genius

No great genius has ever existed without some touch of madness.

Although genius always commands admiration, character most secures respect. The former is more the product of the brain, the latter of heart-power; and in the long run it is the heart that rules in life.

Talent repeats; Genius creates. Talent is a cistern; Genius a fountain... Talent jogs to conclusions to which Genius takes giant leaps... Talent is full of thoughts, Genius of thought.

There seem to be some persons, the favorites of fortune and darlings of nature, who are born cheerful. “A star danced” at their birth. It is no superficial visibility, but a bountiful and beneficent soul that sparkles in their eyes and smiles on their lips. Their inborn geniality amounts to genius, the rare and difficult genius which creates sweet and wholesome character, and radiates cheer.

A time will come when the science of destruction shall bend before the arts of peace; when the genius which multiplies our powers, which creates new products, which diffuses comfort and happiness among the great mass of the people, shall occupy in the general estimation of mankind that rank which reason and common sense now assign to it.

A man unattached and without wife, if he have any genius at all, may raise himself above his original position, may mingle with the world of fashion, and hold himself on a level with the highest; this is less easy for him who is engaged; it seems as if marriage put the whole world in their proper rank.

The genius of conversation consists much less in showing a great deal of it, than in causing it to be discovered in others.

Common sense is only a modification of talent. Genius is an exaltation of it. The difference is, therefore, in degree, not nature.

It is not wisdom but ignorance that teaches men presumption. Genius may sometimes be arrogant, but nothing is so diffident as knowledge.

Nothing is so contagious as enthusiasm. It is the real allegory of the tale of Orpheus; it move stones and charms brutes. It is the genius of sincerity and truth accomplishes not victories without it.

The man who succeeds above his fellows is the one who, early in life, clearly discerns his object, and towards that object habitually directs his powers. Even genius itself is but fine observation strengthened by fixity of purpose. Every man who observes vigilantly and resolves steadfastly grows unconsciously into genius.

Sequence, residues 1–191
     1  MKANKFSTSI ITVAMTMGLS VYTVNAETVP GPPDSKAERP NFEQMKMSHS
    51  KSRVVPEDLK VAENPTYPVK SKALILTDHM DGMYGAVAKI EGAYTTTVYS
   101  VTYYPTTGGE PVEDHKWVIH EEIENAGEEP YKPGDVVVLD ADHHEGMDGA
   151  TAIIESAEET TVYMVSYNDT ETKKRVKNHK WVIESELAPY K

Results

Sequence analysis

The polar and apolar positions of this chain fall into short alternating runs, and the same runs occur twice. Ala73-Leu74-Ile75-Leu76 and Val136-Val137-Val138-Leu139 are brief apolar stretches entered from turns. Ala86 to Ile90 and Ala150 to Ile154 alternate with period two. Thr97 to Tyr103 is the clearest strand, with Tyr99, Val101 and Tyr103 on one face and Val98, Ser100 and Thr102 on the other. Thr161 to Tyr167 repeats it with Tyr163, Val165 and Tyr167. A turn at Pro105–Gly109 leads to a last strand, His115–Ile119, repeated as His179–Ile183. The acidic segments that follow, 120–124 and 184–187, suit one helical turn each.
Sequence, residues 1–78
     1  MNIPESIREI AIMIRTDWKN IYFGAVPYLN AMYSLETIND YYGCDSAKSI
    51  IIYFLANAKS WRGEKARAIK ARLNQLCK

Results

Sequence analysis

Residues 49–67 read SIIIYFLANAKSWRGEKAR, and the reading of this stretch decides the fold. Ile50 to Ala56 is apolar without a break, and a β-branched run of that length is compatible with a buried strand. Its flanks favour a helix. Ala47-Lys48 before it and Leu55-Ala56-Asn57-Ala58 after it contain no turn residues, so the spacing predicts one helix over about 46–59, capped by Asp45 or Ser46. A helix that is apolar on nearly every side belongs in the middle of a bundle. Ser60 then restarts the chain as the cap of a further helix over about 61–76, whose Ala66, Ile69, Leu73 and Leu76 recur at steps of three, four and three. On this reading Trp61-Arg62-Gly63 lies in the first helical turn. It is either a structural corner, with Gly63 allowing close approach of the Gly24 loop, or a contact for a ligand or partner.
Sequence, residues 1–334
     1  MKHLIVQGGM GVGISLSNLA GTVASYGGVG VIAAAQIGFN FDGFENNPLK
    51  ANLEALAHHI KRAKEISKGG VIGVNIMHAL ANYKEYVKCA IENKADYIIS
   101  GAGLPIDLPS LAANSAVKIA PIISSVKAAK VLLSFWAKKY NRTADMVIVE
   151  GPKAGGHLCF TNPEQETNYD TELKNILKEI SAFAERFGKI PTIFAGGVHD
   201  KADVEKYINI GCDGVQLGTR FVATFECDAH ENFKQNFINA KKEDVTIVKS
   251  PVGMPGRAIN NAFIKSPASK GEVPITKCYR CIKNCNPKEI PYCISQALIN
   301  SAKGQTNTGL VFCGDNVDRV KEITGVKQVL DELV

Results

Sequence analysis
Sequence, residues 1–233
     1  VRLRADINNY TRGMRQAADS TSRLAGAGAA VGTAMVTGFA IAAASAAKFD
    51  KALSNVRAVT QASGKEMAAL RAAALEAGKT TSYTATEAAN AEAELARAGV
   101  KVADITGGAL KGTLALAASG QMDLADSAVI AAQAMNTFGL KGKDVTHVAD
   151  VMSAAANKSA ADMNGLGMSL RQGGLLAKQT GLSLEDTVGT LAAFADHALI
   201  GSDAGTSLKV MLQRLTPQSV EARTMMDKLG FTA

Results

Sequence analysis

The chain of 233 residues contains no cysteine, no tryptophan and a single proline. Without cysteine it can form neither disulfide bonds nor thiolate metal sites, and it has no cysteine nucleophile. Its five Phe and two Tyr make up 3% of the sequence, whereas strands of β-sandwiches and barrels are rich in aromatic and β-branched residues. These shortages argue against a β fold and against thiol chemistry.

Taste is the good sense of genius; without taste genius is only sublime folly.

Whatever is highest and holiest is tinged with melancholy. The eye of genius has always a plaintive expression, and its natural language is pathos.

Press on. Nothing in the world can take the place of persistence. Talent will not; nothing is more common than unsuccessful men with talent. Genius will not; unrewarded genius is almost a proverb. Education will not; the world is full of educated derelicts. Persistence and determination alone are omnipotent. The slogan "Press on" has solved and always will solve the problems of the human race

Education, however indispensable in a cultivated age, produces nothing on the side of genius. When education ends, genius often begins.

When the creation of a genius collide with the mind of a layman, and produce an empty sound, there is little doubt as to which is at fault.

Religion cannot be kept within the bounds of sermons and scriptures. It is a force in itself and it calls for the integration of lands and peoples in harmonious unity. The lands (of earth) wait for those who can discern their rhythms. The peculiar genius of each continent, the placid lakes, all call for relief from the constant burdens of exploitation.

Education, however indispensable in a cultivated age, produces nothing on the side of genius. When education ends, genius often begins.

Innovators and men of genius have almost always been regarded as fools at the beginning (and very often at the end) of their careers.

O liberty, parent of happiness, a celestial born when the first man became a living soul; his sacred genius thou.